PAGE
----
Thursday, May 23, 2013

Graduate Life

On Sunday, my commencement speaker said all of the stereotypical things: "Congratulations, graduates," "Your liberal arts education will prove to be incredibly valuable," "Go change the world," blah blah blah.

What he didn't, but should have, said was: "Get ready for this next transition during which time you live at your parents' house and sit on your computer and read all day, because you will feel useless, lazy, and like a loser."

It's funny how being the depths and throes of a challenging and stressful semester, the end seemingly out of sight, will prompt one to want nothing more than a damn break. All I wanted was to be done, free... graduated. Now that it has been a week since my final final, I want nothing more than a schedule, a routine, a reason to leave the house. 

As a college graduate, I have to worry about obtaining a "real" full time job that will sustain me for at least a year. No more "summer jobs" or "little part time jobs." Because I am hoping to stick with the school district (in order to keep my fun, decent-paying part time job with the school district), whatever this job may be won't begin until the fall. And I have made the decision to not actively look for a summer job until I find a slightly more permanent job for September. This means I only work... on Fridays. 

Thus the completion of two novels in the past week. So, yay! There's positive outcome of being semi-jobless at your parents' house...

Holy god was this book fantastic. 

I may be one of the last book lovers in the world to have read this one, but for some reason I never did. I'm not quite sure why its genre is Young Adult because it certainly grapples with serious topics. And also? Let me just point out that teenagers are the ones who are mostly currently reading classic "adult" novels like Gatsby and The Catcher in the Rye.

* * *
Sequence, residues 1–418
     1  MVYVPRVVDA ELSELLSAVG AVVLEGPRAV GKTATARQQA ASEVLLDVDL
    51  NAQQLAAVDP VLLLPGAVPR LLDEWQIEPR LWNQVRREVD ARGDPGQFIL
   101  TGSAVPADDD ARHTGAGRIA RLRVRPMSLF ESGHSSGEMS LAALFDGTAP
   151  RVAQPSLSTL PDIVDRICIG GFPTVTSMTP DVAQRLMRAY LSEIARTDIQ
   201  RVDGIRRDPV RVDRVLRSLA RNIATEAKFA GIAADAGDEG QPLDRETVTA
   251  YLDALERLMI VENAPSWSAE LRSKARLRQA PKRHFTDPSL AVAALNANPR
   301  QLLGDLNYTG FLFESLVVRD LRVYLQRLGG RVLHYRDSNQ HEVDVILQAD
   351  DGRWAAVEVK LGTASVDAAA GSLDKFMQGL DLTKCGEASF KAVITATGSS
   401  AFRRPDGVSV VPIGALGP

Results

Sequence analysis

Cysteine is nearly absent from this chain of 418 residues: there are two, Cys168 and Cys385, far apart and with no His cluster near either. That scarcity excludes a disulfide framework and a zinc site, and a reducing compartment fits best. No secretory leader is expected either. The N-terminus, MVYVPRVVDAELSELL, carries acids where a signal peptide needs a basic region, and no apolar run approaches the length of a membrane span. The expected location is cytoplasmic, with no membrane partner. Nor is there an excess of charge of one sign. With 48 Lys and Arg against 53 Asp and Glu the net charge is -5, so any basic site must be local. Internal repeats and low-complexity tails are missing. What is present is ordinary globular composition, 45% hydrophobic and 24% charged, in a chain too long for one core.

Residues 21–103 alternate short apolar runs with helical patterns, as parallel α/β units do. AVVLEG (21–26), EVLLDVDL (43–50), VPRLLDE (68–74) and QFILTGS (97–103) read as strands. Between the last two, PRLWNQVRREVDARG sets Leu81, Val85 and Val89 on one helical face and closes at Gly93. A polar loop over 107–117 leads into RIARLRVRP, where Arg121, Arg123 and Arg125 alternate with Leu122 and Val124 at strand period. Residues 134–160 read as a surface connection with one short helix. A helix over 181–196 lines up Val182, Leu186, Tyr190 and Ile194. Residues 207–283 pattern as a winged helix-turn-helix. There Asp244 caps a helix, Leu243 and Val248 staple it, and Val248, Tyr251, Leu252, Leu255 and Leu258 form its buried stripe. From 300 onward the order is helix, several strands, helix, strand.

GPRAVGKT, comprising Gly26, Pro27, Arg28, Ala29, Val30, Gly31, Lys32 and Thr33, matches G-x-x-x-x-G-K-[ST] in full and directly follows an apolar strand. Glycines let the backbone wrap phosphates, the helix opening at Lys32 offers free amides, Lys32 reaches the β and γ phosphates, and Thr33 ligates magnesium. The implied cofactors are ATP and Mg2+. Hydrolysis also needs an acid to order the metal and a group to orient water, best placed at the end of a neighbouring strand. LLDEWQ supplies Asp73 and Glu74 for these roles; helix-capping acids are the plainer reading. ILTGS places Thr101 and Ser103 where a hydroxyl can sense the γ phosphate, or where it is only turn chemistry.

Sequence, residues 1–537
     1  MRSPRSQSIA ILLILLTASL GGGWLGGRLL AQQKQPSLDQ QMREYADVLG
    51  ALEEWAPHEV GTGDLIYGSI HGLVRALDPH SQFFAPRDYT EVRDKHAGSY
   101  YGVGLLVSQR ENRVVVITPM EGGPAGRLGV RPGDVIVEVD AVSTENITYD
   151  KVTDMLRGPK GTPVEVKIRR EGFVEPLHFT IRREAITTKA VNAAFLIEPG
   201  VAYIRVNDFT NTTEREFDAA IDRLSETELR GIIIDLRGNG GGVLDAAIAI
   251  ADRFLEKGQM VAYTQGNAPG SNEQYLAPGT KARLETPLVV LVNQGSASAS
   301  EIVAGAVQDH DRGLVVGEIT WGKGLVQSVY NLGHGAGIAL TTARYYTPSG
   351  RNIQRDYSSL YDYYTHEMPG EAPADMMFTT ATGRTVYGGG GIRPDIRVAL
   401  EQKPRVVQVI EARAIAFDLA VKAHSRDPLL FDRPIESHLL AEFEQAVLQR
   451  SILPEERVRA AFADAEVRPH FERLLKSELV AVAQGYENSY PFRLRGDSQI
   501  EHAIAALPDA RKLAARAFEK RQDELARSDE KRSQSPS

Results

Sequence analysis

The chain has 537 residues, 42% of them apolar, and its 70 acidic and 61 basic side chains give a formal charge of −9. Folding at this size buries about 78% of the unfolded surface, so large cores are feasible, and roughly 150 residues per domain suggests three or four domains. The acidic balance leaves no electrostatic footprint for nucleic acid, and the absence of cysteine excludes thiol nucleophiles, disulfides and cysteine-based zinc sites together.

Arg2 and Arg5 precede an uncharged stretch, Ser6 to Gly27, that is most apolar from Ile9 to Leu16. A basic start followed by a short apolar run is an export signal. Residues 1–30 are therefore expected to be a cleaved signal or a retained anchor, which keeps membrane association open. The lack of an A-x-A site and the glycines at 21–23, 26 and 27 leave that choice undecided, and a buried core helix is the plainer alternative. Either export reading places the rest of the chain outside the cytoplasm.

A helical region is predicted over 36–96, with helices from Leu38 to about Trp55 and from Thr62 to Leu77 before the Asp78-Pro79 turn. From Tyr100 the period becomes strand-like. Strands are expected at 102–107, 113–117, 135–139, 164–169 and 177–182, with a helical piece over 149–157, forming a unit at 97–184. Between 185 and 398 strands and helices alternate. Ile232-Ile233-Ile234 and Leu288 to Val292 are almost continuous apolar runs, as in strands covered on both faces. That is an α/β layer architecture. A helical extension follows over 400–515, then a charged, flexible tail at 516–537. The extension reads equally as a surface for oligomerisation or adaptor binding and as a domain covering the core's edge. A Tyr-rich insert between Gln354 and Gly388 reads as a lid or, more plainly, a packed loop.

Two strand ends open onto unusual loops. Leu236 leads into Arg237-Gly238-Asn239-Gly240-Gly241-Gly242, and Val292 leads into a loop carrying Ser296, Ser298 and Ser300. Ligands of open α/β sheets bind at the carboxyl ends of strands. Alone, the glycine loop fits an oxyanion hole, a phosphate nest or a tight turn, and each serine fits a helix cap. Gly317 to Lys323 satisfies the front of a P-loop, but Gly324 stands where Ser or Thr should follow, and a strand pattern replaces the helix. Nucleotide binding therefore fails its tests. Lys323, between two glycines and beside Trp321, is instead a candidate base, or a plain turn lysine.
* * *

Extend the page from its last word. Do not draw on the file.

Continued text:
Anyway, there are a lot of things I like about this book, but one of those things is that it constantly brought my attention to the complete bullshit that I've always thought Maslow's Hierarchy of Needs to be. Like, as humans, there may be times of hunger, or thirst, or lack of shelter, and in some cases these times are long periods with inadequate amounts of these purportedly "basic needs." But, as humans, these "basic needs" do not have to be fulfilled for us to need the fulfillment of friendship, love... intellectual fulfillment. I have never had the misfortune of having my "basic needs" fail to be met over long periods of time, but we've reached a point in time in which a thirst for knowledge is imperative. If this weren't the case, we wouldn't have awesome organizations like the Book Wish Foundation, arranging to establish libraries in refugee camps. Refugees in Chad and elsewhere have daily struggles that I could never imagine, BUT THEY STILL REQUEST BOOKS AND KNOWLEDGE. I think that speaks to both the resilience and and ambition of the human race.

Sure, The Book Thief is a story about a young German girl in Nazi Germany. Many stories are. But among other things, it's also about the power of words. As someone with a thirst for knowledge and a passion for both the spoken and written word, that part of the story spoke to me.

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